-1
$\begingroup$

We know that we have 7 fundamental quantities (all scalars) and length is one of them. I classify velocity as a derived quantity. What about a position displacement vector? How do I classify displacement vector. Is it fundamental or derived quantity?

$\endgroup$
1
$\begingroup$

It depends on the convention what to use as a fundamental quantity, but if you refer to SI it is:

$$ [D] = [\epsilon_0]\cdot [E] = [\epsilon_0]\cdot [F]/[Q] = \mathrm{\frac{A^2\, s^4}{kg\, m^3}\cdot \frac{kg\, m}{s^2}\cdot \left(A\, s\right)^{-1} = \frac{A\, s}{m^2}}. $$

  • a fundamental quantity if you refer to a position displacement, because it is a length,

$$ [r] = \mathrm m. $$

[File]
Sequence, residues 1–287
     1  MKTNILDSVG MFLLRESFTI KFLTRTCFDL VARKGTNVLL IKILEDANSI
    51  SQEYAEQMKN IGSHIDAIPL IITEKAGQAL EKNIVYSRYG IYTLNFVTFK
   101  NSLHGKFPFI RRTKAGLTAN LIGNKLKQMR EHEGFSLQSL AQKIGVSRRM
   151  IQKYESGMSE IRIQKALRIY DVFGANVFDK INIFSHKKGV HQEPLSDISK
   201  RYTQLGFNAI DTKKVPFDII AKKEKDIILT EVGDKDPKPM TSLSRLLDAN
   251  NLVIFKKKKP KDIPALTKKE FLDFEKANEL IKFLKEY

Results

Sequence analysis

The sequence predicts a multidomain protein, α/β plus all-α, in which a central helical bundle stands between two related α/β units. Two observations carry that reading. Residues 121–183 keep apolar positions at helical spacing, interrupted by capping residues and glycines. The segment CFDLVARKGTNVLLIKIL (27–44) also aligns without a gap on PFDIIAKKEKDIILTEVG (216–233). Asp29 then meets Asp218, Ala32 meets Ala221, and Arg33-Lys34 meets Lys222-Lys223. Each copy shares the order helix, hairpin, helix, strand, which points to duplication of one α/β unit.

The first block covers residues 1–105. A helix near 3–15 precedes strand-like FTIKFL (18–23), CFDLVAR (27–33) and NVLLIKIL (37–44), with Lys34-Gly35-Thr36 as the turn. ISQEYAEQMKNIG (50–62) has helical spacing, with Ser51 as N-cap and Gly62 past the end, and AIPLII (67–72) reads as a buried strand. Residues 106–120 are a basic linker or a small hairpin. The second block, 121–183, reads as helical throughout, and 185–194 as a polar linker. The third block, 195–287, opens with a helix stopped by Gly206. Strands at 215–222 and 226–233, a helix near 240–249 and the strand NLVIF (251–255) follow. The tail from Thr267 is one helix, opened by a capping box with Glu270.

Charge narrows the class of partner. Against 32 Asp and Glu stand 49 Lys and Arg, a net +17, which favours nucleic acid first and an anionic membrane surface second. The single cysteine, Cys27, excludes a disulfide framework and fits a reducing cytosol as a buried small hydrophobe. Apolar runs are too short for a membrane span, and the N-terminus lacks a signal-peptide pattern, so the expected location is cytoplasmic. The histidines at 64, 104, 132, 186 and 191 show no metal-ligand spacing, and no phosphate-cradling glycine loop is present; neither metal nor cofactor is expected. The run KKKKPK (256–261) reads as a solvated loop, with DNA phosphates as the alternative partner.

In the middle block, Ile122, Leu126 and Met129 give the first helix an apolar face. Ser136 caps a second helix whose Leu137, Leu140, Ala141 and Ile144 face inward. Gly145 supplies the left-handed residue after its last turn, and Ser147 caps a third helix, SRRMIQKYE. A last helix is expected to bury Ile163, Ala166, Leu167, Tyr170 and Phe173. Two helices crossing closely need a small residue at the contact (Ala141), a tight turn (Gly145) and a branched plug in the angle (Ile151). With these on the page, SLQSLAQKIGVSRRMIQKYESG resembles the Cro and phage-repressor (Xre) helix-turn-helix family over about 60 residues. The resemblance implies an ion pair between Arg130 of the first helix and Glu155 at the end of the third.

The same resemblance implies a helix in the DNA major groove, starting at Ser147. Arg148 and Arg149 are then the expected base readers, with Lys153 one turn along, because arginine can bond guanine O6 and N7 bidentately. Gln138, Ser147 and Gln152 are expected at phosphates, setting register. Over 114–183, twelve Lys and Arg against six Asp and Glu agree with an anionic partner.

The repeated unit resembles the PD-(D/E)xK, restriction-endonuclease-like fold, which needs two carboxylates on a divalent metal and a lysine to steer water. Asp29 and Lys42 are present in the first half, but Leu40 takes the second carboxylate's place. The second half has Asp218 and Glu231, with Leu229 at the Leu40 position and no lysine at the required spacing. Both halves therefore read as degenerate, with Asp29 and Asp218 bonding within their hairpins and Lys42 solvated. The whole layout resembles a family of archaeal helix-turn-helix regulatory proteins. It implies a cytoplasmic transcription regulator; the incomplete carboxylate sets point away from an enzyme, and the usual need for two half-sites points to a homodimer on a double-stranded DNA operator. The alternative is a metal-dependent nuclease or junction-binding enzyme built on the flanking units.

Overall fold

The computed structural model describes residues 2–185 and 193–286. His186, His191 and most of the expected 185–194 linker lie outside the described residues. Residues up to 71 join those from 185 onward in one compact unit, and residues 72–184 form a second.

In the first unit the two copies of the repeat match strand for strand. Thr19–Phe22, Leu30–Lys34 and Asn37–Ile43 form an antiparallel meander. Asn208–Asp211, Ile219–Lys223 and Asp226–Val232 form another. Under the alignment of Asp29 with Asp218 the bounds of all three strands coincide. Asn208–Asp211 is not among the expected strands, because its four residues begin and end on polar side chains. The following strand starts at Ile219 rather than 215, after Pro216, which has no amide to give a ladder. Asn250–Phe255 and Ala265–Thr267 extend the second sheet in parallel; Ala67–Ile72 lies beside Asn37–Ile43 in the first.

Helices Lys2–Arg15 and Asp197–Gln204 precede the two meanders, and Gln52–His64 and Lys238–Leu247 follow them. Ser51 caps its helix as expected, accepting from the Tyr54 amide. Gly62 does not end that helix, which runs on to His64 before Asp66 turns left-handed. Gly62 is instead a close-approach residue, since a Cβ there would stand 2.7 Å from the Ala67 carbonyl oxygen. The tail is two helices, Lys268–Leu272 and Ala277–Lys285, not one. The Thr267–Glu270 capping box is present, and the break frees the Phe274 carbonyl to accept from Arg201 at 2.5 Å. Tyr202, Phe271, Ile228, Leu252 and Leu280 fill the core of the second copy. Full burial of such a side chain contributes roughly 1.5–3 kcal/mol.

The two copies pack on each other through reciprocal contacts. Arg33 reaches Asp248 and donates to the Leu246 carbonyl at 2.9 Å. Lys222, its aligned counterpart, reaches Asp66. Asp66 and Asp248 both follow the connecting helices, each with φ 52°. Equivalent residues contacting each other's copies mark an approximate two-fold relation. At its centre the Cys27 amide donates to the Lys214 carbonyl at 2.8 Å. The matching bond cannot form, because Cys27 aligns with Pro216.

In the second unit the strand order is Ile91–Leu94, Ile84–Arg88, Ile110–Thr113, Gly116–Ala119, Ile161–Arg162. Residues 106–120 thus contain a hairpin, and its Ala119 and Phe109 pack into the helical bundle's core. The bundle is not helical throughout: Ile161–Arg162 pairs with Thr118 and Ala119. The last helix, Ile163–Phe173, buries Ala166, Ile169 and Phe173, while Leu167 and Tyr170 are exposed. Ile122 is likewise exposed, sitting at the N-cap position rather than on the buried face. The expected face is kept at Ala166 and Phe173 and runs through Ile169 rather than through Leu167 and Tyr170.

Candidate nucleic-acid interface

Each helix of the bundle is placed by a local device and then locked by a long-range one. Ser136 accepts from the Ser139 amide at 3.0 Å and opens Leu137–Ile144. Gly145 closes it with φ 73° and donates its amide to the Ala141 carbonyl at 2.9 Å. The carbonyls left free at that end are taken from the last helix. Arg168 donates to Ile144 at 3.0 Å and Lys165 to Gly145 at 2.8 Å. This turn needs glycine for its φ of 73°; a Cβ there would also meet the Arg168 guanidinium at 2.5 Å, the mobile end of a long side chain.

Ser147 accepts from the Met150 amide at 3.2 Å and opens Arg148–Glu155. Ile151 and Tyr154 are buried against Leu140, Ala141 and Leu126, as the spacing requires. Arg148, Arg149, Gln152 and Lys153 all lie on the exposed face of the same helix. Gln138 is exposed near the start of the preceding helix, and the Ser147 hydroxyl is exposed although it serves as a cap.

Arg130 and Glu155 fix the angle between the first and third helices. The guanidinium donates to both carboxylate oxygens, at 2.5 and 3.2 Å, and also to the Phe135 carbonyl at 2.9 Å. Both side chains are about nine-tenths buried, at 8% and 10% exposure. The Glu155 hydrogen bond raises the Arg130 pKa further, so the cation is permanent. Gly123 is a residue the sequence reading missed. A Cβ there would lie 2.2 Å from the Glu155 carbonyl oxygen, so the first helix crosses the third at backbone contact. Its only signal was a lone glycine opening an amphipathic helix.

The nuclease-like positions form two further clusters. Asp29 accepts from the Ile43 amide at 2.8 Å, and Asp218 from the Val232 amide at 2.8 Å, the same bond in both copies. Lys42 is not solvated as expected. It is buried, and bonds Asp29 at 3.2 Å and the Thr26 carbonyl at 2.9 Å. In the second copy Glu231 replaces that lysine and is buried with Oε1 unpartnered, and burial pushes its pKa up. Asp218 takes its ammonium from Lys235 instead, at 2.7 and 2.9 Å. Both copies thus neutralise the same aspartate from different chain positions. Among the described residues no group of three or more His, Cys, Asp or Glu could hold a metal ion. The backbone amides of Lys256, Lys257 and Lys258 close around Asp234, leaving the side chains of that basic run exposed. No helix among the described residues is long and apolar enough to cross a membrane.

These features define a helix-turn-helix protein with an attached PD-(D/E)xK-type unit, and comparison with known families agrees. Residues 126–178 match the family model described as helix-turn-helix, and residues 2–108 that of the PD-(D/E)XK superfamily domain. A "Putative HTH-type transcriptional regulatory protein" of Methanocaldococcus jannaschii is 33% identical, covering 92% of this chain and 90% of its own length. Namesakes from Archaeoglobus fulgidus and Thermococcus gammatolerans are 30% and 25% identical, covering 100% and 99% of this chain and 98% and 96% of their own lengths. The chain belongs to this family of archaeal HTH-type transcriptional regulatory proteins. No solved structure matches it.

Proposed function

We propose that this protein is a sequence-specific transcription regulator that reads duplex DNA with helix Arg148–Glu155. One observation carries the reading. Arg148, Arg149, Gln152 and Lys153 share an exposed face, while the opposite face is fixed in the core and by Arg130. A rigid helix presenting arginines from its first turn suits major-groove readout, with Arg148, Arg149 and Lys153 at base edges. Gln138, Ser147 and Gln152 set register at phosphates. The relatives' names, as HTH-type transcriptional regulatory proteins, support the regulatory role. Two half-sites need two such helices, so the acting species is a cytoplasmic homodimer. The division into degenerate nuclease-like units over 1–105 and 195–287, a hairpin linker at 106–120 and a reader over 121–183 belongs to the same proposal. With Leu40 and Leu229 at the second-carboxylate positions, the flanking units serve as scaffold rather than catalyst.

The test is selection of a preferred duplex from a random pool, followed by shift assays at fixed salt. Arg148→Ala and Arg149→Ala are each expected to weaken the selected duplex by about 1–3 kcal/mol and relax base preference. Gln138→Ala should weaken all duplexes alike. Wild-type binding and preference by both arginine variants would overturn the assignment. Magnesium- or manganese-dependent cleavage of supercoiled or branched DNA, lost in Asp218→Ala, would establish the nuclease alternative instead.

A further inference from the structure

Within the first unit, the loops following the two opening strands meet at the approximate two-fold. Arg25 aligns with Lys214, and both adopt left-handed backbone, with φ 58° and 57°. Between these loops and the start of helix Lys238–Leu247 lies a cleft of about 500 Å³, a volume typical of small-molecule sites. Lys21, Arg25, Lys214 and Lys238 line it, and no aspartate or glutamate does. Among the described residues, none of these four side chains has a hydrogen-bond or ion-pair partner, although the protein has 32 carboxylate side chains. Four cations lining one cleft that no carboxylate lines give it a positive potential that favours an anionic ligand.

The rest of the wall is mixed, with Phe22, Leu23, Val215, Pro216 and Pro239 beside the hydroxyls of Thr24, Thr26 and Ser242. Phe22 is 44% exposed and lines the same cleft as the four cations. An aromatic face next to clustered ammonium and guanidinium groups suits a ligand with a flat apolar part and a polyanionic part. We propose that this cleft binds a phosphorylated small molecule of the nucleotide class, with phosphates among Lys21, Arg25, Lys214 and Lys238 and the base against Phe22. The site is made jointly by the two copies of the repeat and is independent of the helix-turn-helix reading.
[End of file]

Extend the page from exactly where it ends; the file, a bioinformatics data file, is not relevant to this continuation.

$\endgroup$
  • $\begingroup$ I am referring to a position displacement. Because I asked a question because I saw a question asking 7 fundamental quantities are scalars or vectors. The answer was scalar. So I was a little bit confused that position displacement is a vector not scalar. $\endgroup$ – ofenerci Oct 3 '17 at 10:19
  • $\begingroup$ Could you link the question you have just cited? @ofenerci $\endgroup$ – Annibale Oct 3 '17 at 15:01
  • $\begingroup$ Length is a scalar coming from this post physics.stackexchange.com/questions/67375/… $\endgroup$ – ofenerci Oct 3 '17 at 15:55

Your Answer

By clicking “Post Your Answer”, you agree to our terms of service, privacy policy and cookie policy

Not the answer you're looking for? Browse other questions tagged or ask your own question.